Many of us can remember a time when someone bullied us at school and how awful and alone it made us feel. Learning how to navigate daily social conflicts independently is an important part of growing up, and overcoming painful playground experiences can make us more confident, kind and empathetic. But when bullying doesn’t stop or goes too far the consequences for children and their families can be devastating. How can you tell if your child is being bullied or is bullying others? How can you best support him/her? And how can we make Maine schools and social media networks safer for all children?
Bullying is a Big Deal in Maine
As parents, we want our children to be accepted and appreciated by their peers. We also want our children to learn how to stand up for themselves and for others. Like many parents, we think that if our kids were really struggling socially—or were singling out another child at school—that we would
know, and that we would know what to do about it. But would we?
Youth surveys tell us again and again that less than 40% of bullying incidents at school or on social media are reported to an adult. Kids and teens who are being bullied are often too scared, depressed or embarrassed to tell someone, or are actively pressured by peers to keep quiet. The more frequent and widespread the bullying the less likely the victim is to tell. And the longer bullying goes on, the more long-term damage it will do. Children and teens who are systematically bullied in their school experience higher rates of anxiety, depression, drug and alcohol use, eating disorders, anger and suicide. Children who bully can end up in court.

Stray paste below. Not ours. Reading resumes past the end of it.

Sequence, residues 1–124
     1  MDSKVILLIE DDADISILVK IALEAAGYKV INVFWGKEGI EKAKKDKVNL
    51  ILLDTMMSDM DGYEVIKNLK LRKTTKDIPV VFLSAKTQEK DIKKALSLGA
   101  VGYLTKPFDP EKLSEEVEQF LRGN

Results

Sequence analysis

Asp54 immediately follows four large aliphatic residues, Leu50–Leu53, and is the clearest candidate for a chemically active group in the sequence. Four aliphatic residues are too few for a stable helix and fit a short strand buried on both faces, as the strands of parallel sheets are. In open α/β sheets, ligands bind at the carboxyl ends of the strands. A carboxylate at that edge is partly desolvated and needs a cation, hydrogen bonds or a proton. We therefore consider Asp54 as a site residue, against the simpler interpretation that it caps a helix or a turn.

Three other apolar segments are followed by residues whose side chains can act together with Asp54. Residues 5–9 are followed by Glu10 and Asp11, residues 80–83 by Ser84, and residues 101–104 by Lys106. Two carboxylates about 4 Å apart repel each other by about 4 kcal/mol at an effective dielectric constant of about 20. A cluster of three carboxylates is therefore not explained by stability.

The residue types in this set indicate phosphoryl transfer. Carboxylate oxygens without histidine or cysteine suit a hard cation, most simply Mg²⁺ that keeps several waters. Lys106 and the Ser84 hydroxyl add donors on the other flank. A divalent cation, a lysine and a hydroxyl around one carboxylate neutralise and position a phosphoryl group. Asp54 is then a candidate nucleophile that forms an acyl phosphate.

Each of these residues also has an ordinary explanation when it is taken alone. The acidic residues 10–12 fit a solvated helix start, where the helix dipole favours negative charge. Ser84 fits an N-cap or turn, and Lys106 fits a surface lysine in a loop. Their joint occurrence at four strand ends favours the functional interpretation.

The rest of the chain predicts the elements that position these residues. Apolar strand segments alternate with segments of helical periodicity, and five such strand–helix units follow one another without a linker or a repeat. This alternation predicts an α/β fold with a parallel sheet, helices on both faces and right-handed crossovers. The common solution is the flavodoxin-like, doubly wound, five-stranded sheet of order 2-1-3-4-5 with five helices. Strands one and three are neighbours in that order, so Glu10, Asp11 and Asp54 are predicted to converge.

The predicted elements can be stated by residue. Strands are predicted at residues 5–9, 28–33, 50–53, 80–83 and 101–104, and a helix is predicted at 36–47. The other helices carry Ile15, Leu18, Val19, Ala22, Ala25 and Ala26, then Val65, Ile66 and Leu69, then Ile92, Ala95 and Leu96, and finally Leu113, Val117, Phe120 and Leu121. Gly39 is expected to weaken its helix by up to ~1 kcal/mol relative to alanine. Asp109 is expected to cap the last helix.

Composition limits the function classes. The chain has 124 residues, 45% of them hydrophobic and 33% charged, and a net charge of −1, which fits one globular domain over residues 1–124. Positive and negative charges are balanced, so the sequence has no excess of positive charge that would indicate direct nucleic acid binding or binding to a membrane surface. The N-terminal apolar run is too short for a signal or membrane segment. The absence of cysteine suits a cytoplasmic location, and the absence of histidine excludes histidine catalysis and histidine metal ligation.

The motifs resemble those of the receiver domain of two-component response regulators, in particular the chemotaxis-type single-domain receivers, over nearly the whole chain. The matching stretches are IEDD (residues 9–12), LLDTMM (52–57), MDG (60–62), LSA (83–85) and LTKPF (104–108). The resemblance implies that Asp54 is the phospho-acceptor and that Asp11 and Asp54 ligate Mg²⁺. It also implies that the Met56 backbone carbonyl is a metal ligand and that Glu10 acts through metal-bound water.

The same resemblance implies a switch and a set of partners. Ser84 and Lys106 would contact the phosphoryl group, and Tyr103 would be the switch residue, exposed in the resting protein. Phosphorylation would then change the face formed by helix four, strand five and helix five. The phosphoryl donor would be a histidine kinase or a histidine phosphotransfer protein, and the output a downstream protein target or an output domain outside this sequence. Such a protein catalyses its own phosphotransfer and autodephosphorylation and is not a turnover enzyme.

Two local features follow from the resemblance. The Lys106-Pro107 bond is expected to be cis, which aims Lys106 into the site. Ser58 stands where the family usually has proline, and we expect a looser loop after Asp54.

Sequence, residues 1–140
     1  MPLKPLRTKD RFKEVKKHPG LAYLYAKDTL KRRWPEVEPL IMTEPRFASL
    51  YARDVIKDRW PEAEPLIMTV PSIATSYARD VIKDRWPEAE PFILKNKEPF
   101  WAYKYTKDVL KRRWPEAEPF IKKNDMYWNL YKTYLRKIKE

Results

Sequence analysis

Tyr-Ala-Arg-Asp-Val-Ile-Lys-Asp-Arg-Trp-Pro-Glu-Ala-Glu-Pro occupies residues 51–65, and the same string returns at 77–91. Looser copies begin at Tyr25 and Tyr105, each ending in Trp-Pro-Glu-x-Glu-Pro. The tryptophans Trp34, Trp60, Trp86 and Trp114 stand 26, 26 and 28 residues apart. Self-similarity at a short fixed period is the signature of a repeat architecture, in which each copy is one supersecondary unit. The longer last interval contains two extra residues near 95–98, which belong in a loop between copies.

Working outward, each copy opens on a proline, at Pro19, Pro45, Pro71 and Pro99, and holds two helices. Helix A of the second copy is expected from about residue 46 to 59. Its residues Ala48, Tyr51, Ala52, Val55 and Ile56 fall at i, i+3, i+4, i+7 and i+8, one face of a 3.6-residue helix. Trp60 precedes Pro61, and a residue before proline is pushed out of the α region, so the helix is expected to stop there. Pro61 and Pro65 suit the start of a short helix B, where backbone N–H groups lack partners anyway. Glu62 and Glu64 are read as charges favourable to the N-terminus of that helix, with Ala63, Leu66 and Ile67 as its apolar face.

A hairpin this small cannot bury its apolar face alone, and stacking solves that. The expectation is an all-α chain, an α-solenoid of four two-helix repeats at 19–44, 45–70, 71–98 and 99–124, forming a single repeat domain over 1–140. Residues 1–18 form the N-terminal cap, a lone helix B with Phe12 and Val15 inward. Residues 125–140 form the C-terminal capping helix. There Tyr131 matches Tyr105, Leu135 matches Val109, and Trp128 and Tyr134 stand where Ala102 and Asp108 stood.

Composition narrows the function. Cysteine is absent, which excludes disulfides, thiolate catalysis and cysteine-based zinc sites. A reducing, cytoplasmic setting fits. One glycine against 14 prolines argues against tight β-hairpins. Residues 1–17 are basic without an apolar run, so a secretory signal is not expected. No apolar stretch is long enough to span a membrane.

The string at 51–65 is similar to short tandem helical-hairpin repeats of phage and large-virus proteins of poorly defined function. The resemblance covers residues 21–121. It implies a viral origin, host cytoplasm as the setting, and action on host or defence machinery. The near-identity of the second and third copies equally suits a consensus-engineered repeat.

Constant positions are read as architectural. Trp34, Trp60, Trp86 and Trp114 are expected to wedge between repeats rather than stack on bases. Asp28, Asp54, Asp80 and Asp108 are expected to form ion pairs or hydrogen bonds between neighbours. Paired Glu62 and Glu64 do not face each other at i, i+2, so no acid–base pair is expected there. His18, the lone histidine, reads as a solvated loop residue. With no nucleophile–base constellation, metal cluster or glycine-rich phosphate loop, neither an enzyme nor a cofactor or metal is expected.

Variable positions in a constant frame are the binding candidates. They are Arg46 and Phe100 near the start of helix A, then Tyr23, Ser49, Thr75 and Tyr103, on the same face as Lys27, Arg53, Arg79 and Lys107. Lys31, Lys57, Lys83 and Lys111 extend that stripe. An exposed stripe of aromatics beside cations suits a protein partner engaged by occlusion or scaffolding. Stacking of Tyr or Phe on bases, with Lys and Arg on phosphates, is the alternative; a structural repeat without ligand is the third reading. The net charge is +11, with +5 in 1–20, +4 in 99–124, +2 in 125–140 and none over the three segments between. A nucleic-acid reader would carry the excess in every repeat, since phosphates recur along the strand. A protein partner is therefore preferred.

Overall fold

As parents and members of caring communities, we all must stop bullying whenever we see it and support all the kids involved.
Bullying and cyberbullying does happen in and around Maine schools. In fact, one 2015 study of the 43 states showed that Maine had the highest rate of cyberbullying in the country with approximately a quarter of all high school students reoporitng that they were bullied in some way online. Cyberbullying is particularly challenging for schools to combat because it takes place off school grounds by email or text or on social networks parents and teachers may not have access to or authority over. To help educators and parents protect kids from bullying, Maine lawmakers passed An Act to Prevent Cyberbullying in Schools in 2012 and followed the law with a Model Policy for Bullying and Cyberbullying. This legislation is designed to make sure that all Maine students learn in safe, secure and peaceful environments, on campus and online. Continue reading